Posted in Family Restaurant on December 18, 2023
Innovative pastries, sweet heat, botanical flavors, and more on tap for the year ahead.
The snack and dessert menus of 2024 promise to be filled with creative culinary innovations, including new variations on French pastries, ongoing experimentation with global ingredients and flavors, and a focus on overall well-being, both physical and emotional.
“After years of crisis and anxiety, I think consumers are getting more comfortable with the idea of indulging than they have been in years,” says Maeve Webster, president of consulting firm Menu Matters. “Essentially, we’re at the point where indulging seems as much a part of self-care as eating healthfully and mindfully.”
In addition to new pastries and the adoption of international influences, 2024 dessert trends and snacks will also bring ongoing considerations around sustainability in the sourcing and use of ingredients, more plant-based snack and dessert offerings, and innovation around the use of savory and spicy ingredients in dessert formulations.
Snack and dessert trends in 2024 will continue to gravitate toward the quality of these offerings, in terms of both their ingredients and craftsmanship, says Webster.
“We’re seeing a resurgence of local bakeries, pastry chefs as restaurant heroes, and more thoughtfulness in dessert development than has been the case over the past decade,” she says.
Innovative pastry creations
“In the last decade or likely longer, there has always been a laminated pastry that comes around every few years and becomes a breakout hit,” says Trung Vu, chef-instructor of Pastry & Baking Arts at the Institute of Culinary Education’s New York City campus.
Although the Cronut craze of a few years ago may be the most popular example of this trend, new forms keep emerging. 2022 saw the rise of the cream-filled Suprême croissant at New York City’s Lafayette Grand Café & Bakery, and in 2023, Le Deli Robuchon in London created a social media sensation with its cube-shaped croissants.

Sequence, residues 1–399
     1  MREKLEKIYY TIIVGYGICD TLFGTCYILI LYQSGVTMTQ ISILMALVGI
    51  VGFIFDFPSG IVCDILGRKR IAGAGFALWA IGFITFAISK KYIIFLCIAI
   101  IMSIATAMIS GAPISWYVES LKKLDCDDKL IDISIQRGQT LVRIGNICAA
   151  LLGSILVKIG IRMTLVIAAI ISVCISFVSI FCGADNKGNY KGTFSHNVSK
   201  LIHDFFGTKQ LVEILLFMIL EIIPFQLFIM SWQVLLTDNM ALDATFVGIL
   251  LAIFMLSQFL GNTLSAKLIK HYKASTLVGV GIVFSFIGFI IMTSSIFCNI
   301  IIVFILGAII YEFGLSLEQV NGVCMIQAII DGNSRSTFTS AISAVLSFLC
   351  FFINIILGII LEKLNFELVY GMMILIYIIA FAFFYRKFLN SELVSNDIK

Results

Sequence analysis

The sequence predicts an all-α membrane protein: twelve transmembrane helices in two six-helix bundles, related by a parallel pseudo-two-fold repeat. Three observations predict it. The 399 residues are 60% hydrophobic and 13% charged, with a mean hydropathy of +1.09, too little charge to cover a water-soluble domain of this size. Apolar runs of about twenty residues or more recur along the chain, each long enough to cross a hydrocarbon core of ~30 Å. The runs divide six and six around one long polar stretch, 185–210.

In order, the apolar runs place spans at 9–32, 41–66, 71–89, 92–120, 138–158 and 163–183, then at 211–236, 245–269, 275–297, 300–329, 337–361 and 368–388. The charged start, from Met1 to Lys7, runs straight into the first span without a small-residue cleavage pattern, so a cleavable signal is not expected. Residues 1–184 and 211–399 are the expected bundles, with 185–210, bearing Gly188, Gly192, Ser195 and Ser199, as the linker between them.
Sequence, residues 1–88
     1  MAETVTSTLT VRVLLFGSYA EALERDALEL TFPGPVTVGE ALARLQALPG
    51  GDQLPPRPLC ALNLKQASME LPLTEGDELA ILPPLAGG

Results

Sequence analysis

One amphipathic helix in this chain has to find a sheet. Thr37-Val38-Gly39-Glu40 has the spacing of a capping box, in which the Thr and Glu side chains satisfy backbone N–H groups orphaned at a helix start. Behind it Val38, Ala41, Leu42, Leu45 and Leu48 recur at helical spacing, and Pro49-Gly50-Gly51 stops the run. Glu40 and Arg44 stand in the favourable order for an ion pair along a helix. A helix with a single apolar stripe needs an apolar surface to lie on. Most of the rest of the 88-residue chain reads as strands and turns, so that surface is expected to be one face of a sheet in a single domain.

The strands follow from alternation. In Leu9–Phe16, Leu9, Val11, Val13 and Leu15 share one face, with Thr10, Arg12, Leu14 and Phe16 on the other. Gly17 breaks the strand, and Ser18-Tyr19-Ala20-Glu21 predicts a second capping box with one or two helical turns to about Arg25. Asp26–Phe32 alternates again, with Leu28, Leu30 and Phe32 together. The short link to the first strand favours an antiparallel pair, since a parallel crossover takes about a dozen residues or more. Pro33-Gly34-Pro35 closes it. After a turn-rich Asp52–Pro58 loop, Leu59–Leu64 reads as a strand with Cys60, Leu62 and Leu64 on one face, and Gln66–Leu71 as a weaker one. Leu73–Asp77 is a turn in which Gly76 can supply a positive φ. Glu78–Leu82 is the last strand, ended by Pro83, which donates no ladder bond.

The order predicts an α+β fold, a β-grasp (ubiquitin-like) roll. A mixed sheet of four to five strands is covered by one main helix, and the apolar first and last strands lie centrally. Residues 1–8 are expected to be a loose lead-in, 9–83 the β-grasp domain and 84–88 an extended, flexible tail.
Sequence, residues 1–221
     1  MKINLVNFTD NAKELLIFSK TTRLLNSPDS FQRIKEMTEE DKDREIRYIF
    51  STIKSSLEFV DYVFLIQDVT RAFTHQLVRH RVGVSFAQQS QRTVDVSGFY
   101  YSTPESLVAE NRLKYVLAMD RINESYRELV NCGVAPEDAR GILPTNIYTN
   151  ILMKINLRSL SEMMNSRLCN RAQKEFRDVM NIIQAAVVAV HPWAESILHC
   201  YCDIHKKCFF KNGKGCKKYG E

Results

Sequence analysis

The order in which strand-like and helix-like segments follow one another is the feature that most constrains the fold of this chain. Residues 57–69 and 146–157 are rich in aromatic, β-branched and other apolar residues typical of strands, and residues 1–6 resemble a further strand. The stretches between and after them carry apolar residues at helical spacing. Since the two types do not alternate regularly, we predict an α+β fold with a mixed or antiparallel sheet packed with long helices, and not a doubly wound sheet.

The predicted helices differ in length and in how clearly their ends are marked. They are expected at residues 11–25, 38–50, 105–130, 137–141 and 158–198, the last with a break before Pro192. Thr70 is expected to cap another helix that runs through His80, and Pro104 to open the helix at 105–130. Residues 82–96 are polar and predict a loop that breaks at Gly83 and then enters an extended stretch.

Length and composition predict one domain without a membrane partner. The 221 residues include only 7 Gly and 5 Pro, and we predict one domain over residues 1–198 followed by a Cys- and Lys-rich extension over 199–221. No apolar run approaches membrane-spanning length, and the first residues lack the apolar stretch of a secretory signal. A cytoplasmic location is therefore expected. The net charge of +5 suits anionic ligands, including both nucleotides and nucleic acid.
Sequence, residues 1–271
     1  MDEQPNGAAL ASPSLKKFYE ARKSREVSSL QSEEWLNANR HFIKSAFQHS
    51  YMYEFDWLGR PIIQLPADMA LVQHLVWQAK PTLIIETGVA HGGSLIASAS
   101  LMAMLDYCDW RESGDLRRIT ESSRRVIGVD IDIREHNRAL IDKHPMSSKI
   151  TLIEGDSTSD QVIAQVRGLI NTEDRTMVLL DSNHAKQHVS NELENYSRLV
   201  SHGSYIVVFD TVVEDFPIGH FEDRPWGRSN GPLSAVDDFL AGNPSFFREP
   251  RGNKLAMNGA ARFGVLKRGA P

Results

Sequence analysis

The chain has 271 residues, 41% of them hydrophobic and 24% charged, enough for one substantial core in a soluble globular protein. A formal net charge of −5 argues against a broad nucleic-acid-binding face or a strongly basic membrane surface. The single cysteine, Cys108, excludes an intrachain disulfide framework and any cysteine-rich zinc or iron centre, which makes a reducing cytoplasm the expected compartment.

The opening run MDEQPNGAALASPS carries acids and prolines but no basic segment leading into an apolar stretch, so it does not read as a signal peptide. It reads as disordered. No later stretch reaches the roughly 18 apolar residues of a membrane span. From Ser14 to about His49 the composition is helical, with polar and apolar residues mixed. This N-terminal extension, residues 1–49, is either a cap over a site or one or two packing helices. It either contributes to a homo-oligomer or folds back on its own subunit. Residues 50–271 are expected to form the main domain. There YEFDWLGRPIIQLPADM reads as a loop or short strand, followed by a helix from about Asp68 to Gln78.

“Perhaps in 2024 we will get a croissant pyramid?” says Vu.
Mondelēz Foodservice Brand Ambassador Chef Clarice Lam says this new trending snack option is expanding beyond croissants into other traditional French pastries.
“I think with the popularity of the cronut, then the croffle, then the croissant disc, people are looking for various ways to incorporate modern flavors into traditional French pastries, and they are starting to think outside of croissants,” she says. “Swiss rolls, and variations are really popular for the holidays and versatile enough to switch up the flavor profiles to make it an all-year-around treat. Chiffon cake rolls are really popular in Asian cultures as well, and I have seen them rolled and filled in new ways.”
Read more about ways to modernize French pastry here.
Elevated global influences
Snack and dessert trends in 2024 show that consumers continue to be more open to global flavors, and they are increasingly seeking out elevated takes on dishes of international origin.
Vu cites Kora Bakery in the New York City borough of Queens as an example of a foodservice outlet that “puts its Filipino heritage forward” to great success, citing its ube desserts in particular, and Win Son Bakery in Brooklyn, a Taiwanese-influenced shop that features mochi donuts with a fermented red rice glaze.
“I think in 2024 we will see even more elevated and authentic global snacks and desserts become popular,” says Vu.
Mondelēz Foodservice Brand Ambassador Chef Gemma Matsuyama agrees that Asian flavors will continue to gain traction on restaurant snack and dessert menus in 2024.
“I love the interest in Asian flavors like ube because, although coming from humble ingredients, it has such a strong flavor personality,” she says. “I expect a lot more of the younger generation in North America and Europe will want to try more Asian flavors with the increased interest in anime, video games and KPOP culture.”
Read more about the influence of Asian flavors and dessert formats here.
More plant-based dessert options
Consumers will also continue to seek out healthy snack trends and plant-based foods, including desserts, in the year ahead, says Vu.
“Without considering the dietary needs and preferences of the many, restaurants are leaving a lot of money on the table by not catering to all tastes,” he says.
He cites restaurants such as Bar Blondeau in New York City’s Wythe Hotel, which offers vegan and gluten-free counterparts of the same menu items, such as its popular Caesar salad, if requested, which Vu calls “a much more inclusive way of doing business.”
Consumers seeking to pursue more plant-based diets are often left with few options—perhaps ordering multiple side dishes in lieu of an entrée or substituting a fruit plate for another dessert.